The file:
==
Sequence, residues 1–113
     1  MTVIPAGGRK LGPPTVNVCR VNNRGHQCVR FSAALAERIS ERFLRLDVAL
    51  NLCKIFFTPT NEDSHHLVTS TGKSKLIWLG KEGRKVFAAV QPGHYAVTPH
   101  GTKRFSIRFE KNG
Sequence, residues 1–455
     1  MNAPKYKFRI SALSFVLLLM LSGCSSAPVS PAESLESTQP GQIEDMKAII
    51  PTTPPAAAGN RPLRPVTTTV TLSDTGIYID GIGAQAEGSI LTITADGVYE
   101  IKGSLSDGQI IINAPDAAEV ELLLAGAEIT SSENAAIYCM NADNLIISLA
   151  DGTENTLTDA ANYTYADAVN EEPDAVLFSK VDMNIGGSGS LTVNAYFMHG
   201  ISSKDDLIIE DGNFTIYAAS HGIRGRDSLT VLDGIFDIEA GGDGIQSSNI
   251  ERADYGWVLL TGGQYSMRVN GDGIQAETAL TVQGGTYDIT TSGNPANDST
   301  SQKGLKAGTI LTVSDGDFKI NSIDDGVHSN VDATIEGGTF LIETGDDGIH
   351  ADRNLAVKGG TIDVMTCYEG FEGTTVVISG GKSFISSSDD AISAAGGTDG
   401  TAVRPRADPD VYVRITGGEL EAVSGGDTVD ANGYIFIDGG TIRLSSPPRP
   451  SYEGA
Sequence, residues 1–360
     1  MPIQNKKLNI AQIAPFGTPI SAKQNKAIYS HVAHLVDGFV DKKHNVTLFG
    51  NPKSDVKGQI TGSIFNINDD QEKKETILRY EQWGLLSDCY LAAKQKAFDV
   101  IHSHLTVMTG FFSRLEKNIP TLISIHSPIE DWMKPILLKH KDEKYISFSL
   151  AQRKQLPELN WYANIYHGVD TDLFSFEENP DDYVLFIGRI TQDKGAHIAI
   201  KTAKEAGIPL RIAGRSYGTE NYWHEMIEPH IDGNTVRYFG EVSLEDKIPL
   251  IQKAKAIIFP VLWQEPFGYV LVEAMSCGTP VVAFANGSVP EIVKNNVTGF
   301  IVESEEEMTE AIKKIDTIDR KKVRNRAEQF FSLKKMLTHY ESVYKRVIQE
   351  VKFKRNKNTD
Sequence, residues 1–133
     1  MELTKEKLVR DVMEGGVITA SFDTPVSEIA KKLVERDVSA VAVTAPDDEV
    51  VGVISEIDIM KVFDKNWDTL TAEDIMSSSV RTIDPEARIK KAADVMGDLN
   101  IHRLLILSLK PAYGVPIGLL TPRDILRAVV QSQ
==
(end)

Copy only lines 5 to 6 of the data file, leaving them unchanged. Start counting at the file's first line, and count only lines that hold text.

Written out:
Sequence, residues 1–455
     1  MNAPKYKFRI SALSFVLLLM LSGCSSAPVS PAESLESTQP GQIEDMKAII